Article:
2019 Oscar Nominations Historic In More Ways Than One
By Jackie McMahon, Staff Writer
The nominations for the 91st Annual Academy Awards were announced late in January, and with a diverse list of nominees, this year’s ceremony is setting up to be a major improvement after past #OscarsSoWhite controversies. Leading the pack with 10 nominations each are the British-set period drama The Favourite and the Mexican-American foreign language film Roma, both of which are nominated for Best Picture. Three of The Favourite’s nominations are for the three main actresses, with Olivia Colman nominated for Best Actress for her performance as Queen Anne, and both Rachel Weisz and Emma Stone nominated for Best Supporting Actress for their roles as Anne’s competing lovers, Sarah Churchill and Abigail Masham. Roma is nominated for both Best Picture and Best Foreign Language film, with Yalitza Aparicio being the first Indigenous woman and the fourth Latinx actress to be nominated for Best Actress in the ceremony’s history.
Black Panther is the first superhero film to be nominated for Best Picture. The Oscars originally planned to introduce a new Best Popular Film category this year to recognize the success of such films, though the idea was scrapped after an outpouring of negative reception. Regardless, it is undeniable that Black Panther held more sway over popular culture in 2018 than any other film. This year’s ceremony will also be a big one for Netflix, which not only has its first Best Picture nominee with Roma, but also an additional 14 nominations including ones for Best Original Song, Best Adapted Screenplay, and Best Costume Design. The newest adaptation of A Star is Born is the fourth’s version of the film to receive Oscar nominations, and Lady Gaga is nominated both for Best Actress and Best Original Song for the film. Rounding out the Best Picture nominees are BlacKkKlansman, Bohemian Rhapsody, Green Book, and Vice.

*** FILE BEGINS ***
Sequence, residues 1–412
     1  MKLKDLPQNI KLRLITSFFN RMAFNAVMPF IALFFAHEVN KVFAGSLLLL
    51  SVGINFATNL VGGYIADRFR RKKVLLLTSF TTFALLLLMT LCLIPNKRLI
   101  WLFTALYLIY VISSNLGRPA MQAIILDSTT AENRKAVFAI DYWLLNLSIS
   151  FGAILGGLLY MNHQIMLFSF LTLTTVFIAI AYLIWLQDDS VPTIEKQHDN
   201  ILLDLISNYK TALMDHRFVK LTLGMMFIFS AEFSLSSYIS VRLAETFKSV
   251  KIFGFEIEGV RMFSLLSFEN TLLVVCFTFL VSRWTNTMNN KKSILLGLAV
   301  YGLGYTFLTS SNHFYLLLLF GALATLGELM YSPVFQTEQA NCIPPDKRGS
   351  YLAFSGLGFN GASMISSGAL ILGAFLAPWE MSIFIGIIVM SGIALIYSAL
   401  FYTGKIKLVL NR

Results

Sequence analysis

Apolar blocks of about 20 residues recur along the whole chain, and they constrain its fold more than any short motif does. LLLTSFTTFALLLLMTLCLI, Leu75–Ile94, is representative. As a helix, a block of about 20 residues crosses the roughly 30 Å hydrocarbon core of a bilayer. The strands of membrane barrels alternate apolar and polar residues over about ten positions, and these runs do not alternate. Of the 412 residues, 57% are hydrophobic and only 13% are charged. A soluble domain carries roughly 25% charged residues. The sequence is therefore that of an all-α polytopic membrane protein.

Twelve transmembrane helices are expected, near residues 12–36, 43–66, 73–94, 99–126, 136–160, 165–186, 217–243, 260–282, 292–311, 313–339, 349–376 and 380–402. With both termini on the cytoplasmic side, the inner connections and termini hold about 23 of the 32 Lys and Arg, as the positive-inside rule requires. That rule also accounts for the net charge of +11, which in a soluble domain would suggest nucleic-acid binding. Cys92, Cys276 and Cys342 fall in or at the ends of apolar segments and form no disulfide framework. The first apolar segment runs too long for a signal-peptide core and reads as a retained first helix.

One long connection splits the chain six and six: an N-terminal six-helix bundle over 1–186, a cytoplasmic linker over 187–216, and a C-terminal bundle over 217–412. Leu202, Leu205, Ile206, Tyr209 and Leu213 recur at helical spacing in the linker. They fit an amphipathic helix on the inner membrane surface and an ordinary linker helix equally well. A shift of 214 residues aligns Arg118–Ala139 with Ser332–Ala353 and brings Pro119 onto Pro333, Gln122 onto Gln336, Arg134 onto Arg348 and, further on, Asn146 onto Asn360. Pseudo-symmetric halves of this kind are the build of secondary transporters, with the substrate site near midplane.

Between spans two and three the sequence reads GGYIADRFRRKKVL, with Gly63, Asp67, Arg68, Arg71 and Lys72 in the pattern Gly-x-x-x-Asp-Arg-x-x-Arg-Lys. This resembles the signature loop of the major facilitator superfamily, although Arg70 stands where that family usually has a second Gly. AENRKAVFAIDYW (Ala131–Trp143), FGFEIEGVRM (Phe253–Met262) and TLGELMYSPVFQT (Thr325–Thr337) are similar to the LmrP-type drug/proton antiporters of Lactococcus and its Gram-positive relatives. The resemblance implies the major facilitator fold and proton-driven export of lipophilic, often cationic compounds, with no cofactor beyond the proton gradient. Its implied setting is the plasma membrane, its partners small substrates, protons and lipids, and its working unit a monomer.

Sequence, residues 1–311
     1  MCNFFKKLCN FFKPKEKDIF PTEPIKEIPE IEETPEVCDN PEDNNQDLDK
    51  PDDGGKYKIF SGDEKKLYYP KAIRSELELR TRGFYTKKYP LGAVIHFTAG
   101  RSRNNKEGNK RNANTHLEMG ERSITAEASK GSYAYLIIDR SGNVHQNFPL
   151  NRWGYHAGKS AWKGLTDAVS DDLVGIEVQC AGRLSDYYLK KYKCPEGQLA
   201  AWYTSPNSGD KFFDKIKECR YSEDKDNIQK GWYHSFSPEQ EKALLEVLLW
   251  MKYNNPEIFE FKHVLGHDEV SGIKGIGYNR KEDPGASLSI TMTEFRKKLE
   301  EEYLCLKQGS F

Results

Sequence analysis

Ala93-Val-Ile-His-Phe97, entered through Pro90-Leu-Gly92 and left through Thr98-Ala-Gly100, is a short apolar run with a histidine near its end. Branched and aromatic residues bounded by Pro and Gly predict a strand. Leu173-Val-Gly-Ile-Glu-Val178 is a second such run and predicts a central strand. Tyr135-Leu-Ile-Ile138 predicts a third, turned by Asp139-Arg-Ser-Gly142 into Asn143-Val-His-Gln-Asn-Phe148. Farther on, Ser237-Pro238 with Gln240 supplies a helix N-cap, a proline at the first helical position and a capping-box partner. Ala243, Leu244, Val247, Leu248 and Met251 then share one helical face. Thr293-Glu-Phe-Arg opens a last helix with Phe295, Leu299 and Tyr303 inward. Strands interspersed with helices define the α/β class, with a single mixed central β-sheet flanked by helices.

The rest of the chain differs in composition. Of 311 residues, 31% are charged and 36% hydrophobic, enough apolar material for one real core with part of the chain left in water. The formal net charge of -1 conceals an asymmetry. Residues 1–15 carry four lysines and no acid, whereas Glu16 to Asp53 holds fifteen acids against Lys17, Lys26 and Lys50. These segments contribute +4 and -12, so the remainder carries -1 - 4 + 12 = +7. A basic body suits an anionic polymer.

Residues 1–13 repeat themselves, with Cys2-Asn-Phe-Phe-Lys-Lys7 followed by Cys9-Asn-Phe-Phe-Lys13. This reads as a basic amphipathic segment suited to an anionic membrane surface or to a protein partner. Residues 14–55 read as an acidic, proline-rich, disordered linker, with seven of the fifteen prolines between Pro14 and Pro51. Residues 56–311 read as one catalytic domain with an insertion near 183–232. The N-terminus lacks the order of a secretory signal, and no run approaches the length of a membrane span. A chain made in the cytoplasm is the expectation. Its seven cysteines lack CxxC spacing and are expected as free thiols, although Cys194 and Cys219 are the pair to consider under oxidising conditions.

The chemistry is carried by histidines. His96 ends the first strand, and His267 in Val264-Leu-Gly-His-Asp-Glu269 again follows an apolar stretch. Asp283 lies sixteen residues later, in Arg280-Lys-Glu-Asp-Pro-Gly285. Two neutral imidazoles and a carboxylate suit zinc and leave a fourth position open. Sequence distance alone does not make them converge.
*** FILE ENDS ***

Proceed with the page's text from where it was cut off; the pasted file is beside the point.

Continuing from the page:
The Oscars also announced a controversial decision to go without a host after their original host, Kevin Hart, was caught in a scandal surrounding his past anti-LGBT+ tweets. Hart withdrew from hosting on Dec. 6, saying that he did not want his scandal to distract from the ceremony, though many members of the public were still displeased with his apology, deeming it too little, too late after Hart initially refused to accept blame. The Academy now plans to have selected presenters introduce segments and awards, making the 2019 Oscars the first since 1989 to not have a designated host.
Despite the increased diversity in this year’s nominees, there is still a way’s to go before the Oscars can be considered truly equal. No Asian actors were nominated this year, and neither were any female directors. (Only one female has ever won Best Director: Kathryn Bigelow for The Hurt Locker.) With the Academy and the film industry at large still predominantly white and male, there is still work to be done for diversity and inclusion in Hollywood, but the recognition for this year’s talented nominees is still something to be celebrated.